Coed Nercwys, near Mold

What's here

Welcome

Discover some heritage features tucked away amongst the trees with information panels about the people who once lived and worked here.

The woodland provides an excellent habitat for wildlife – look out for birds such as buzzards, goldcrests and coal tits.

The small lake known as Llyn Ochin has dried up but this marshy area now attracts dragonflies and newts, and plants like cotton grass thrive here.

A slate plaque near the car park entrance commemorates the Millennium Oak Trees that were planted here by the local community.

The walking trail and the mountain bike trail follow a similar route, and the mountain bike trail may also be used by horse riders. The trails are waymarked so that walkers follow the route in a different direction to cyclists and horse riders.

Walking trail

The walking trail is waymarked from start to finish.

Look out for the information panel at the start of the trail.

Find out about walking trail grades.

Coed Nercwys Walk

  • Grade: Easy
  • Distance: 2¾ miles/4.4 kilometres
  • Time: 2 hours
  • Trail information: Follow the walking trail in a clockwise direction. The walking trail and the mountain bike trail follow a similar route but they are waymarked so that walkers follow the route in a different direction to cyclists and horse riders.  Take care as cyclists and horse riders follow parts of this trail the opposite way around.

The walking trail sets off on a wide track through the iron gates at the woodland entrance and then turns left onto a path through the woodland.

Look out for ruined buildings from a 19th century lead mine, the remains of a shepherd’s cottage with a walled meadow full of wildflowers in summer and a newly replanted orchard.

At the end of the trail there is an optional climb to a trig point from where you can enjoy views of the Jubilee Tower at the top of Moel Famau and the Dee Estuary.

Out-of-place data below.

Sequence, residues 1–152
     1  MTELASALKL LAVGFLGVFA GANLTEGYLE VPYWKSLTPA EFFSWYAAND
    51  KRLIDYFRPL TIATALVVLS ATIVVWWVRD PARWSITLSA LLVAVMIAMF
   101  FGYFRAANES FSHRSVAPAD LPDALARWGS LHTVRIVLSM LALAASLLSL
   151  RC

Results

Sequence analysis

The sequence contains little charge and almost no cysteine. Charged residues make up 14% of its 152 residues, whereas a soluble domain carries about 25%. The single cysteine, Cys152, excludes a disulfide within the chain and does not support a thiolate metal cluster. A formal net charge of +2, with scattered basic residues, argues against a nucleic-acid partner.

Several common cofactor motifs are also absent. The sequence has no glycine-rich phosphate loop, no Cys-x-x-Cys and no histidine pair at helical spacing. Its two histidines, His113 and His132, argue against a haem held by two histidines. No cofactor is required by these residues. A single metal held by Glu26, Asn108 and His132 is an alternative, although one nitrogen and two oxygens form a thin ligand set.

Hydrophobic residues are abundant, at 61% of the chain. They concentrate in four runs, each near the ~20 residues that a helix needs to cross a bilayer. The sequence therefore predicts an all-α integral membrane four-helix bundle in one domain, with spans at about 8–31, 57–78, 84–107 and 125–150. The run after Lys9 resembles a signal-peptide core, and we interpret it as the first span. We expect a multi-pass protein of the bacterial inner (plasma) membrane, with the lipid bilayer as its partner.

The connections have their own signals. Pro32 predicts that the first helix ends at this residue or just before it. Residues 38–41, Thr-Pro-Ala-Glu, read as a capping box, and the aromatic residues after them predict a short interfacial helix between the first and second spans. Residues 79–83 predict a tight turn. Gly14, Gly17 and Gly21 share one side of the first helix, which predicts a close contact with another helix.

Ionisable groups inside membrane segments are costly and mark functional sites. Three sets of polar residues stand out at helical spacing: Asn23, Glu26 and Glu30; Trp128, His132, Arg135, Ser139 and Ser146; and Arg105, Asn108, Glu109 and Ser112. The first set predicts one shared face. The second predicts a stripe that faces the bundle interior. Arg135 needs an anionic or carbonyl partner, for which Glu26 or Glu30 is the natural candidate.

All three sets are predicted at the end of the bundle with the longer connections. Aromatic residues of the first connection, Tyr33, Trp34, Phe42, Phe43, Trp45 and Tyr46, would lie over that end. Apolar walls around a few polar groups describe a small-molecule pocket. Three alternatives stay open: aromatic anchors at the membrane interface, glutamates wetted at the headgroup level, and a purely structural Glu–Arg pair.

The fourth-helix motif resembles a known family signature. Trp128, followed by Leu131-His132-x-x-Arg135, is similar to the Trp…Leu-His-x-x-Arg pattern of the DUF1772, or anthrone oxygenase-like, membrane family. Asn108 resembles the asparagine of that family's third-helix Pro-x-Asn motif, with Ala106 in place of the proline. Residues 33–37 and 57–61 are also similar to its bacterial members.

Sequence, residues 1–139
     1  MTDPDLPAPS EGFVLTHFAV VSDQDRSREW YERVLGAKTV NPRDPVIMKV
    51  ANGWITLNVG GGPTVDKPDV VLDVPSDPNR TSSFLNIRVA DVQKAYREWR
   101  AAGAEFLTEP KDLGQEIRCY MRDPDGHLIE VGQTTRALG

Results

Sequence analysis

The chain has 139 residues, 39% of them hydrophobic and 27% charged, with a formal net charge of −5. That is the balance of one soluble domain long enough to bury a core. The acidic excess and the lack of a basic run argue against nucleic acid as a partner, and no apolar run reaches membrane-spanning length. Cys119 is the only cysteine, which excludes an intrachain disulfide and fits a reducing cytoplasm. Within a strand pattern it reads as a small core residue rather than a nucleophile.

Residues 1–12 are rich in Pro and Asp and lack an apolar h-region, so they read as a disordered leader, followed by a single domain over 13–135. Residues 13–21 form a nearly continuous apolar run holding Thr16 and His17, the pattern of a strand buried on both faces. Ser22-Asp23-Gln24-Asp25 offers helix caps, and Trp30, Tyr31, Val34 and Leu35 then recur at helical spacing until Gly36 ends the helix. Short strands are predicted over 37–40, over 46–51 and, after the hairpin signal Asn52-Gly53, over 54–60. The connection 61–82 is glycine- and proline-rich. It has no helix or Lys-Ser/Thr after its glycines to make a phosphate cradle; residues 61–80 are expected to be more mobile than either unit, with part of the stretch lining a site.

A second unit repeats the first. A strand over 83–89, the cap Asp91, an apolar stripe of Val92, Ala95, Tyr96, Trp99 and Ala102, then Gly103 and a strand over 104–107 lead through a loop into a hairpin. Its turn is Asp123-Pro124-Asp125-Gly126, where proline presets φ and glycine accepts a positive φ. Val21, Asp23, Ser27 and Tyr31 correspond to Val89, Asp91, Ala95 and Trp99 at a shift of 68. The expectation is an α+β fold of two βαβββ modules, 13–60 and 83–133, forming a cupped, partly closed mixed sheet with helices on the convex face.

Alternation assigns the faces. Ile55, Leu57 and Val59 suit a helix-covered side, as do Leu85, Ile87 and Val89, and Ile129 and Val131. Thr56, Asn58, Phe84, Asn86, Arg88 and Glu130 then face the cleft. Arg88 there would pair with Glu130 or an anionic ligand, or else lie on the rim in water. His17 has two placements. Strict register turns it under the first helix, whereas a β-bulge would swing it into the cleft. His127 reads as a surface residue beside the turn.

Mountain bike trail

All our mountain bike trails are waymarked from start to finish and have been graded for difficulty.

At the start of the trail there is an information panel – please read this before setting off.

Nercwys Cycle Trail

  • Grade: Green/Easy
  • Distance: 3.8 kilometres
  • Climb: 50 metres
  • Time: 1 hour
  • Trail information: This is a shared route for cyclists and horse riders. Follow the cycle trail in an anti-clockwise direction. The walking trail and the mountain bike trail follow a similar route but they are waymarked so that cyclists and horse riders follow the route in a different direction to walkers.  Please watch out for walkers who follow this trail the opposite way around.

This cycle trail is a great place for families to safely enjoy cycling away from busy roads, and at the same time learn about the woodland’s varied history.

The wide track from the iron gates at the woodland entrance meanders through the forest, avoiding major climbs and offering spectacular views over the Cheshire Plain and beyond.

Other walking routes